The term “Butt Rubb” is used in a very different way in Australia to the USA. My bother-in-law used to frequently travel to the USA and come back with all sorts of great bottles of mixed spices for meat, the general term used for this type of spice is “Butt Rubb”. I think we use the term of “Season-All” out here in Australia, doesn’t quite have the same ring to it!
If you get a spice mix that has a nice bit of sweetness in it, then I would go with a beer from my home state. I am a big fan of Van Deiman Brewing, and they make a great Amber Ale called Jacobs Ladder. It’s got a really nice malt backbone and a subtle hop addition that will complement the sweet and spicy flavours that you get with butt rub. It’s also a delicious beer to have on its own!
Asian (Soy sauce, ginger and garlic)
Soy sauce is pretty savoury, the ginger can be a little snappy and you throw in a bit of garlic to round out the flavour. For this I like to keep it simple with a Pilsener, but I am going to muddy the waters by naming a New Zealand brewery for this one. I know I said this was about OZ craft beers, but hey we take ownership of every other good thing that comes across the ditch, so I can do it here. I like the Moa Methode PIlsener, a bottle conditioned Pilsener that is nice and light, yet slightly spicy so as not to overpower the subtle Asian flavours.
Good old Asian BBQ flavours paired with something nicely balanced is what I would go for here. Teriyaki is more of my wifes style when we have chicken wings, it is well down the list for my good self. I think of this flavour in the same way as I do Chicken flavoured chips…I will eat them and enjoy them, but if there are bowls of Rock Salt, Barbecue, Salt & Vinegar or even corn chips on the table, I will go to them first. Having said that, this is still a nice flavour to pair a beer with and I turn to one of my favourite beers for it, Little Creatures Rogers. With a nice balanced profile and superb flavour for a mid-strength, it goes very well with this flavour pairing.
Nando’s Garlic & Herb
When the occasion requires you to pump out a batch of middle of the road flavour chicken wings, try this marinade. You aren’t going to offend the adults or the kids with overpowered flavours, but it has enough in it to not be too plain. In the same way with choosing a beer to compliment this one, don’t go too overboard with bitterness, but let it have more to it than, say, a chain-brewed light beer. If you have never tried a Kölsch before, check it out. I would describe them as a bit of an entry level craft beer, usually light bodied with a delicate fruitiness. Grab a 4 Pines Kolsch to compliment these wings and you can’t go wrong!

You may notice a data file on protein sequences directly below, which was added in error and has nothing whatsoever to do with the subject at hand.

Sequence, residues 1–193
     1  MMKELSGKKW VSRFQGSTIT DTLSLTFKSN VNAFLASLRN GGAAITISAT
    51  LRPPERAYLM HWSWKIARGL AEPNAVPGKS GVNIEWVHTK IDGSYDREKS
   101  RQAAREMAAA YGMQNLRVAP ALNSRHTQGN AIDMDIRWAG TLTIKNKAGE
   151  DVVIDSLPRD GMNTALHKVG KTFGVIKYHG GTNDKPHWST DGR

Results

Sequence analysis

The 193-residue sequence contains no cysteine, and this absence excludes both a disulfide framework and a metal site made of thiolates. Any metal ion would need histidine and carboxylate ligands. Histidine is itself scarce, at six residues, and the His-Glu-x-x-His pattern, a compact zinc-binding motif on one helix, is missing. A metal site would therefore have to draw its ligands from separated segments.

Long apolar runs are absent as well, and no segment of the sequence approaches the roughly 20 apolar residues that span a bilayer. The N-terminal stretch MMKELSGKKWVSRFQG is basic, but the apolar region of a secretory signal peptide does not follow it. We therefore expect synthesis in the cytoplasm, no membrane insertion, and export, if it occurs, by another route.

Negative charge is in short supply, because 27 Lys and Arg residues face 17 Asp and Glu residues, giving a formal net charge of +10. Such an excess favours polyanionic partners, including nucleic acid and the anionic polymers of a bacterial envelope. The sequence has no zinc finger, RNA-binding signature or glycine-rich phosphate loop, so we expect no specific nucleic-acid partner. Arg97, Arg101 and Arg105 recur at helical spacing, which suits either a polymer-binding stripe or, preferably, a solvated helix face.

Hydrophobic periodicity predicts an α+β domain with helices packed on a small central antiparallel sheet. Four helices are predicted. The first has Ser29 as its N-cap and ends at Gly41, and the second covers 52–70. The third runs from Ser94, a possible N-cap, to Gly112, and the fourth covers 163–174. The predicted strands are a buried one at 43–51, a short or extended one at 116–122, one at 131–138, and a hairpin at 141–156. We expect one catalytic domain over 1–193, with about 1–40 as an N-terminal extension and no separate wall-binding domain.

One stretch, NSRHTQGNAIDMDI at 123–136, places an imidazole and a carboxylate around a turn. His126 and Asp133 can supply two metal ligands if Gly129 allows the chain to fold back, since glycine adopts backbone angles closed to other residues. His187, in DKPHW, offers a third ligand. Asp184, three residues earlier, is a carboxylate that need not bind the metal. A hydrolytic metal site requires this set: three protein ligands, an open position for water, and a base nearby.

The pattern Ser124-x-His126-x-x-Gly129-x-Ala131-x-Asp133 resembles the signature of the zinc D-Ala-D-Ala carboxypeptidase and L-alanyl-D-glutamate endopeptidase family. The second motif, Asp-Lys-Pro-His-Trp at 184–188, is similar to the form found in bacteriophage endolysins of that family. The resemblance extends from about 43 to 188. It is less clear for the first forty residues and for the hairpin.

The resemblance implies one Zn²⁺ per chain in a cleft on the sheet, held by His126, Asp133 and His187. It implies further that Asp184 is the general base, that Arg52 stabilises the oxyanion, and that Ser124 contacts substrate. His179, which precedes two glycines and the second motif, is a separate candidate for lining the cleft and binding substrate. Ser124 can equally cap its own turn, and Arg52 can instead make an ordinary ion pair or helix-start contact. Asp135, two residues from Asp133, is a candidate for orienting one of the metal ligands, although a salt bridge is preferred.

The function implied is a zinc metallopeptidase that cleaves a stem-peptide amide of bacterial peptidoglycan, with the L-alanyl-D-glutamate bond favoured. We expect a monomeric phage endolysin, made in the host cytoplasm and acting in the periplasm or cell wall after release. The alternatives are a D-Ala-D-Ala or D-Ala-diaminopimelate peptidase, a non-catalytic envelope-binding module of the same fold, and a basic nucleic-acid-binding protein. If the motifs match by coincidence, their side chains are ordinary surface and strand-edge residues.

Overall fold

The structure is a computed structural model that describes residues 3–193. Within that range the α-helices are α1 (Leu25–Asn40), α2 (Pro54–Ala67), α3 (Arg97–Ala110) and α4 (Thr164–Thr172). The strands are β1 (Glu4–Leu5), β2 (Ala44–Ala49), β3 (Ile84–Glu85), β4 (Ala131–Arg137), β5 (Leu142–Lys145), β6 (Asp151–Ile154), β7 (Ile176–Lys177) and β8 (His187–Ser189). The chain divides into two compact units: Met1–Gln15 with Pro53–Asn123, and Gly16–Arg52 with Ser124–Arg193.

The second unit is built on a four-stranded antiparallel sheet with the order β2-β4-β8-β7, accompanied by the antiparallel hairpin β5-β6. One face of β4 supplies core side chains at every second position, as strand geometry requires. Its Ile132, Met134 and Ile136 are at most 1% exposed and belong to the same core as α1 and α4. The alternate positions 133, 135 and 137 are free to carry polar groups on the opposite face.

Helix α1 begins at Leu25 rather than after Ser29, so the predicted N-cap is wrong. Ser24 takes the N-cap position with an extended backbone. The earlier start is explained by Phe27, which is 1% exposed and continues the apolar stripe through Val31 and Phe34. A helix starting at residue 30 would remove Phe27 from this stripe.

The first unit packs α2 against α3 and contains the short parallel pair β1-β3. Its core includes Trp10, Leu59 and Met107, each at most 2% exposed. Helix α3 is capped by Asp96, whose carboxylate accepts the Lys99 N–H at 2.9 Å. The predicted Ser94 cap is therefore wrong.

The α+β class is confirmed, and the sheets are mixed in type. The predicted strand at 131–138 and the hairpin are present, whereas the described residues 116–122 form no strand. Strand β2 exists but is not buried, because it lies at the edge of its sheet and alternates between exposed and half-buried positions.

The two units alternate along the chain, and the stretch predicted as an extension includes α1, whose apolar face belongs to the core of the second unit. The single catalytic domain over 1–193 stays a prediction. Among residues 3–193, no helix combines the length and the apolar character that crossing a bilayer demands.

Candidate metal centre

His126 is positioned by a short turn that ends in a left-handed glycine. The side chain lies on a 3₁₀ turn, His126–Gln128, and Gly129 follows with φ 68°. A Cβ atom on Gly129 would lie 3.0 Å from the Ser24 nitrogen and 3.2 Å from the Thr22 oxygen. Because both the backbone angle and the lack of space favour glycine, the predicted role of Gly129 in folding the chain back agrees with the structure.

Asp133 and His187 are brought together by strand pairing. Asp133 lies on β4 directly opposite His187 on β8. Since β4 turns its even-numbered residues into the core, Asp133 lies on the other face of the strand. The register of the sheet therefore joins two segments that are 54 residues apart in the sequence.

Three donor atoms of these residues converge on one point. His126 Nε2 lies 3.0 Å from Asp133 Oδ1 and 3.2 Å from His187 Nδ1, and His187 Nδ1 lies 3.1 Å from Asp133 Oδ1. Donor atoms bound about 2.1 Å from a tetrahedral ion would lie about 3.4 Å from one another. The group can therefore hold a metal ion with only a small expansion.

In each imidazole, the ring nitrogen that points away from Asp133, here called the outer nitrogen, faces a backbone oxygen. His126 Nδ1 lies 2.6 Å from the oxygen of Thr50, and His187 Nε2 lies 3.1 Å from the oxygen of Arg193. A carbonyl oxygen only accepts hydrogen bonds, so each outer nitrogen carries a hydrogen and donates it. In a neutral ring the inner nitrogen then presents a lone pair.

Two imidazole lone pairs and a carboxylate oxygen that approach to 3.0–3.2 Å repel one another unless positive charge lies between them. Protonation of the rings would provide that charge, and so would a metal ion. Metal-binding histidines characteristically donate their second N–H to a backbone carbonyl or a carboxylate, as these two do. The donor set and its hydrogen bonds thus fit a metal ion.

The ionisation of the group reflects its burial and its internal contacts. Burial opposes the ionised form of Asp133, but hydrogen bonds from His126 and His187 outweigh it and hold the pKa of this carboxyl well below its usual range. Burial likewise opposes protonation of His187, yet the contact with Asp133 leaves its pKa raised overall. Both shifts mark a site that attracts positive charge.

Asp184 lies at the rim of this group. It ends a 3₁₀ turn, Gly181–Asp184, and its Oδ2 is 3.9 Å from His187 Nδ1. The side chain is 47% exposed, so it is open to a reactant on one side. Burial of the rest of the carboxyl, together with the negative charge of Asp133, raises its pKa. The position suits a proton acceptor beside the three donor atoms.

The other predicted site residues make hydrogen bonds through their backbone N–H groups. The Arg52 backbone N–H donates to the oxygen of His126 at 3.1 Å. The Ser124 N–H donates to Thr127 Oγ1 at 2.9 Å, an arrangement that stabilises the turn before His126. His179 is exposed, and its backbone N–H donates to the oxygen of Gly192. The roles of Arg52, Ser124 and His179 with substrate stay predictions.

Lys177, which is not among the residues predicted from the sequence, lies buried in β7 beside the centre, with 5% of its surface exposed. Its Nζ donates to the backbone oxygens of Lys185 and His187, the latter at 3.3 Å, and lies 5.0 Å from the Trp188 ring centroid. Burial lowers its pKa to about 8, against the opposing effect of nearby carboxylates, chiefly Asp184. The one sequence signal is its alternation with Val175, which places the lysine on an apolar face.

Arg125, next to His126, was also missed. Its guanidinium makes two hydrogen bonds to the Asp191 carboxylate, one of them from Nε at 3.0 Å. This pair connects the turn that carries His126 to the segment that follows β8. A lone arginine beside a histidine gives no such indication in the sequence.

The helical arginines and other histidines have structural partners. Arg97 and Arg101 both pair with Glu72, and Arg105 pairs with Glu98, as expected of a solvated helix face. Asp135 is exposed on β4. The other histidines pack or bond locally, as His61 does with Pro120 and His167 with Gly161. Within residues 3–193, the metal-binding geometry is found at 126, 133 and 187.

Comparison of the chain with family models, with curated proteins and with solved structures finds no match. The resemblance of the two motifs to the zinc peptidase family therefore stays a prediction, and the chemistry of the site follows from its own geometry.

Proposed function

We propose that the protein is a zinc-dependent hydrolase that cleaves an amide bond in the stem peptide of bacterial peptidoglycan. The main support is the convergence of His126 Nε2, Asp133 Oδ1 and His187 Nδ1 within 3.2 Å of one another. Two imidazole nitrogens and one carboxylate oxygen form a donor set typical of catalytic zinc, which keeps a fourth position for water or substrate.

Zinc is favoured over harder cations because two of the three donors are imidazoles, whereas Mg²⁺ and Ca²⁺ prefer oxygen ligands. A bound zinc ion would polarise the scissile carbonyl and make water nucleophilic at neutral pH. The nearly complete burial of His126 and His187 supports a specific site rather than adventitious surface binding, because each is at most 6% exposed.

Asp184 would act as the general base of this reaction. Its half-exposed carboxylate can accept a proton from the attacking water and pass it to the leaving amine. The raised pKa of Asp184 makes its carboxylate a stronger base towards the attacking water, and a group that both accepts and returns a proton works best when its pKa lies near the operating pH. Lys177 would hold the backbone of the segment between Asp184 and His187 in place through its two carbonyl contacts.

I do love a good satay chicken skewer when the wifey and I get our semi-regular Thai takeaway form the local restaurant. I was hesitant to convert my love of the skewer into satay flavoured chicken wings though, but I have to say that as a change-up they are pretty nice. I am not going to go and have them every time I BBQ, but they are nice for a change of pace. When I do slather the wings in the old peanut sauce, I like to drink something with a bit of hop flavour and bitterness to cut through the richer sauce. For this one I choose the Boatrocker Alpha Queen Pale Ale. Hopped up to 35 IBU’s with Cascade and Centennial hops, this cuts through nicely and makes we want to go back for more…wings and beers!
It’s fair to say that I usually don’t partake in the extra hot chicken wings that you need to wash down with a bucket of blue cheese dressing to cool your tongue, but every now and then I will have a few. I like to choose a beer here that will cool and cleanse your palette, letting the flavour come through and dissipate the heat a bit. You can’t go past a Feral Brewing Hop Hog to assist you to wash down these fire balls…5.8%, nearly 50 IBU’s and a nice malt backbone, it works a treat.
So there you have it, my take on a very versatile meal that can be paired with a heap of different beers. But don’t take my word for it, try it yourself and shoot me an email with your findings. firstname.lastname@example.org
Cheers to great beers! (and wings)